I ride year-round to the train station, but it's not fun in the super cold or heavy snow (-25F, 8-10 inches are my current records for "crappy"). Waterproof windbreaker and total skin coverage is the key for me. Thermal under clothing is personal preference.

    I treat cold weather biking with limits similar to cold weather golf. I prefer: above 40F if it's sunny, above 50F if it's cloudy, above 60F if it's raining, but I've certainly had to make exceptions if I'm on a long trip and the weather goes bad.

    And the first essential for rain is fenders, IMO. I spent a cold day in heavy rain last summer without a front fender. The water off the front tire was nicely distributed directly onto my shoes -NON-STOP. Couldn't have had more water in those shoes if I had stepped into a lake. Fenders.
    David Green, Naperville, IL USA "The older I get, the better I used to be" --Lee Trevino

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    Si Senior dbg's Avatar
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    Forgot to mention my best friend on super cold days: Lobster Gloves.
    lobstergloves.jpg
    David Green, Naperville, IL USA "The older I get, the better I used to be" --Lee Trevino

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    Great points there David. I resumed biking after long time of inactivity. I am trying to be consistent and bike very short times everyday, so even if it rains a bit I hope to go, unless this is not a good idea. I only do it for exercise, no commuting. I will definitely consider adding fenders.

  10. #10
    Senior Member rumrunn6's Avatar
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    cycling specific gear. one exception for was my Dad bought me expensive EMS gortex rain pants for hiking etc so I used them. I added reflective tape so I could bike commute through the winter. when things got really cold i switched to the ski pants my wife got me and I added reflective tape to those too. nowadays I avoid rain but in the colder months I use Novara Headwind pants and they are terrific!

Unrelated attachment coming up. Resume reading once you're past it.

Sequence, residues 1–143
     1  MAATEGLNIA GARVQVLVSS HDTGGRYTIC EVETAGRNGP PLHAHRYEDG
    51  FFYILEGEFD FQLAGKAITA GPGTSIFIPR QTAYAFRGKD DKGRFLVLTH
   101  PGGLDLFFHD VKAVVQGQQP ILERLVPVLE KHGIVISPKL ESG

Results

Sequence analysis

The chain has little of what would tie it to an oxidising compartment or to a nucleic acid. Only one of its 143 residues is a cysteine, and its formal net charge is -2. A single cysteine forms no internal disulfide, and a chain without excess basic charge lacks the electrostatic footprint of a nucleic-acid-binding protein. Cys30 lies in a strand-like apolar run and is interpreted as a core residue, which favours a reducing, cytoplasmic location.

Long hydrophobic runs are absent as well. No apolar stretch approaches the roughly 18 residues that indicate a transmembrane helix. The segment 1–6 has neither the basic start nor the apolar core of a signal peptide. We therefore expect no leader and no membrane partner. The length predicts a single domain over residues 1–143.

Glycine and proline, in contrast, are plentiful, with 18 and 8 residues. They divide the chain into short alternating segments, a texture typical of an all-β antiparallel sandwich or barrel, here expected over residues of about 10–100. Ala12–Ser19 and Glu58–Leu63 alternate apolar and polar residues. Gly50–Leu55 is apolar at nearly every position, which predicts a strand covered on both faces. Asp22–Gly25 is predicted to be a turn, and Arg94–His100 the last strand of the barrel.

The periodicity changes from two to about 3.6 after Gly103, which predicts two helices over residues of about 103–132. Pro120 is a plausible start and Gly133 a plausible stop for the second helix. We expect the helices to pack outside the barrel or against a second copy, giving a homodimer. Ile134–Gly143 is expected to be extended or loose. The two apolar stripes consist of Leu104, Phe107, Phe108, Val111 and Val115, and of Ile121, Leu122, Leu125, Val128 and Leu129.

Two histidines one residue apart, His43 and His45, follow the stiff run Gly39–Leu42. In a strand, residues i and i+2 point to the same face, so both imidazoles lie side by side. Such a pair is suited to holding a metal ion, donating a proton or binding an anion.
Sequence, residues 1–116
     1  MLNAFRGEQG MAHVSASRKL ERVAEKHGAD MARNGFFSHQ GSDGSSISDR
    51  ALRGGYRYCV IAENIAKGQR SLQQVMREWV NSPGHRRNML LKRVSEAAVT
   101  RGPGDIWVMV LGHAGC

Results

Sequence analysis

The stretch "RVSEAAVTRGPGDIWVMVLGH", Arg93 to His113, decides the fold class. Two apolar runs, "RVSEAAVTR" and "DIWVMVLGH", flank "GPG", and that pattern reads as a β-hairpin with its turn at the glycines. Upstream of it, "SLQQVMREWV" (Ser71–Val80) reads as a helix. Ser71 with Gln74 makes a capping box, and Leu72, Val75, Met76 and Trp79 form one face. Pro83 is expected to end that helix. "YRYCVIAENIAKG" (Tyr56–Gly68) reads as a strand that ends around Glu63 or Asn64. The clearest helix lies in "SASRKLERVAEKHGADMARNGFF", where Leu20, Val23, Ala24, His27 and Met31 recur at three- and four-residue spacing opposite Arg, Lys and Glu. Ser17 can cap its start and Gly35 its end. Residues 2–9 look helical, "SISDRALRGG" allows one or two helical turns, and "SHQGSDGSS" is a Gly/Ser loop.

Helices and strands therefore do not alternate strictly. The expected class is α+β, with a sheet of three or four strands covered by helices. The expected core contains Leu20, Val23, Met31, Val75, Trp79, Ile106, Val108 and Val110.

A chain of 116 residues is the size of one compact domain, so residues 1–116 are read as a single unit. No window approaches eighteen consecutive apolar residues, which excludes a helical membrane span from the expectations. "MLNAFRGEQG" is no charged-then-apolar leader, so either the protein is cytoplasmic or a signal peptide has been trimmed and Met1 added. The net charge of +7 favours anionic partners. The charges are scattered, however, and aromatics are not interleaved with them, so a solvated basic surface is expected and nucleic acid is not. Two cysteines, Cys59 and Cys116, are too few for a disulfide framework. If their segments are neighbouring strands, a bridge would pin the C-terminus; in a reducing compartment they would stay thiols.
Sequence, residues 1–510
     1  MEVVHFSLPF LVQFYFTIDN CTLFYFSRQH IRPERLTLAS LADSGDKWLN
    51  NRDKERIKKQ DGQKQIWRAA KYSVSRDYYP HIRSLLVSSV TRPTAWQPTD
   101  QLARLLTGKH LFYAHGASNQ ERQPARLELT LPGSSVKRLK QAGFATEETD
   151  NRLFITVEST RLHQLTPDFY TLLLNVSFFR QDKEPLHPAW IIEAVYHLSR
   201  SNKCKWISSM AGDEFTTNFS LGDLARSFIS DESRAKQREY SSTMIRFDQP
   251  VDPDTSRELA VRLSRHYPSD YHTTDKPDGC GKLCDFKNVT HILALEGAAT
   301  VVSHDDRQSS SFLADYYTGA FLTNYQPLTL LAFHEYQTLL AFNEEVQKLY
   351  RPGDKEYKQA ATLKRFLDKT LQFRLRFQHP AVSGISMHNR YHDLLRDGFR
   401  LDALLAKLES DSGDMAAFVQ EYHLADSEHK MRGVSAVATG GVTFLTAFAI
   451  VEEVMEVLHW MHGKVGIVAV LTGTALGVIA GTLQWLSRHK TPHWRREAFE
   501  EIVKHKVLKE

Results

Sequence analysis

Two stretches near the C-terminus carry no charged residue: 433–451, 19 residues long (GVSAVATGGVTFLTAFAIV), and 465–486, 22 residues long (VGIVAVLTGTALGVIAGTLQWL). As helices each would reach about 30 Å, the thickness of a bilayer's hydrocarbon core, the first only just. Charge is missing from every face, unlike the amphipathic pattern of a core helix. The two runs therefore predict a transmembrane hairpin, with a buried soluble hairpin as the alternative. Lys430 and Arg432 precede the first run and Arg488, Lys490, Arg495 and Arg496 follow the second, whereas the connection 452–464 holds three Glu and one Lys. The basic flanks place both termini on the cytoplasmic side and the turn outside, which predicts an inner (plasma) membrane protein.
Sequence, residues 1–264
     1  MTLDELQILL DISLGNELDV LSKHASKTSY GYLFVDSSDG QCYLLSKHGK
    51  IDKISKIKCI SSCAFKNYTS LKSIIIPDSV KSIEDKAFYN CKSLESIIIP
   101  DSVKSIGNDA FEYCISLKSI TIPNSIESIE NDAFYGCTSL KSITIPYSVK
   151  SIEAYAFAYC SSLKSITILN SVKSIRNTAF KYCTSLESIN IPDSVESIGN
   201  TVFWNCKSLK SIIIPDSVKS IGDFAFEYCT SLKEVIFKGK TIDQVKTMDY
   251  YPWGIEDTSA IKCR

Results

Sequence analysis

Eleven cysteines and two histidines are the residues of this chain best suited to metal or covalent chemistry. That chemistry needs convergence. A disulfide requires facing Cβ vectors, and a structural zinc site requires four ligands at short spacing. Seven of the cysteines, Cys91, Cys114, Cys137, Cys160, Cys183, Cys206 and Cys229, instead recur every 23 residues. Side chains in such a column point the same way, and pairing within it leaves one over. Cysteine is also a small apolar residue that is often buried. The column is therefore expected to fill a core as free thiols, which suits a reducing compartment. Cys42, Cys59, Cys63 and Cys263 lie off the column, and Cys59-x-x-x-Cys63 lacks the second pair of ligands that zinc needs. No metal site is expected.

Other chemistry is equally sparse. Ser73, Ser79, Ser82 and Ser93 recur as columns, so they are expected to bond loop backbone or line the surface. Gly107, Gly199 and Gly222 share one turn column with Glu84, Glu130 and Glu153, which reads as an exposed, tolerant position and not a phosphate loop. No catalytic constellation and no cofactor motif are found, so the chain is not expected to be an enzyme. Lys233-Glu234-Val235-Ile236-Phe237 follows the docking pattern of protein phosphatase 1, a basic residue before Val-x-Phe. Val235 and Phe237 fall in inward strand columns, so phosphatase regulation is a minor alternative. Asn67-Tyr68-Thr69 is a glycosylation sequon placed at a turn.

cycling is like baseball ~ it doesn't take much to make it interesting

  11. #11
    Time for a change. stapfam's Avatar
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    Cotton is generally a "No-No" as it retains moisture and then gets cold. Exception is on hot days when the sweat would evaporate away from the material and possibly keep you a bit cooler. Cycling specific jerseys are made with a wicking material that takes moisture away from the skin and it evaporates with heat or wind. Can be made of various materials and can come in various warmth's. The base layer and I have two. A Warm long sleeve for winter use and a lightweight "Aertex" type that has no warmth. Both do the same job of wicking moisture away from the skin and into the next layer that if of the right material- will wick away moisture to the open air. In cool weather I would have a base layer and a long sleeve jersey and outer top coat. Cold weather it will be base-short sleeve- long sleeve and outer. Even colder and it will be as many layers as I can put on and put up with the dampness that I will not feel till I stop. The lightweight base layer I mainly use in Summer as the wicking properties are very good.

    Gloves and the "Sealskinz" I mentioned are cycle specific with padding but the Lobster gloves that dbg uses are just as good----As are a pair of trek mittens I have and various others.

    Other things to think about are the knees. This Joint can suffer in the cold and various ways of keeping them warm. Longer shorts called "KNickers" that come to below the knees- Leg warmers that are just sleeves to put over the joint or the leg or cycling tights that cover the whole leg. I use KNickers or tights and that works for me down to about 20F--Below that it will be Knickers and tights and find a cafe every 20 miles or so to warm up
    How long was I in the army? Five foot seven.


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    Thank you for a very thorough presentation. Much appreciated.

  13. #13
    Senior Member GeorgeBMac's Avatar
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    I just started cycling so I don't have a lot experience with it. But, I my experience so far has shown that fenders make a huge difference in the rain. Without them, I got a rooster tail all the way to the top of my head but, with them I don't get anymore wet than I would simply standing in the rain.

    So, I added a Gore-Tex jacket and that kept my torso dry and, when I pull the hood up over my helmet, my head stays dry too. But, I still have to work on my thighs and feet... My only problem: my best Gore-Tex jacket from North Face is a tad "too-long" for cycling because the bottom hem hooks on to the rear of the saddle when I dismount. The cheaper one from Lands-End is shorter and doesn't do that. But both keep me dry.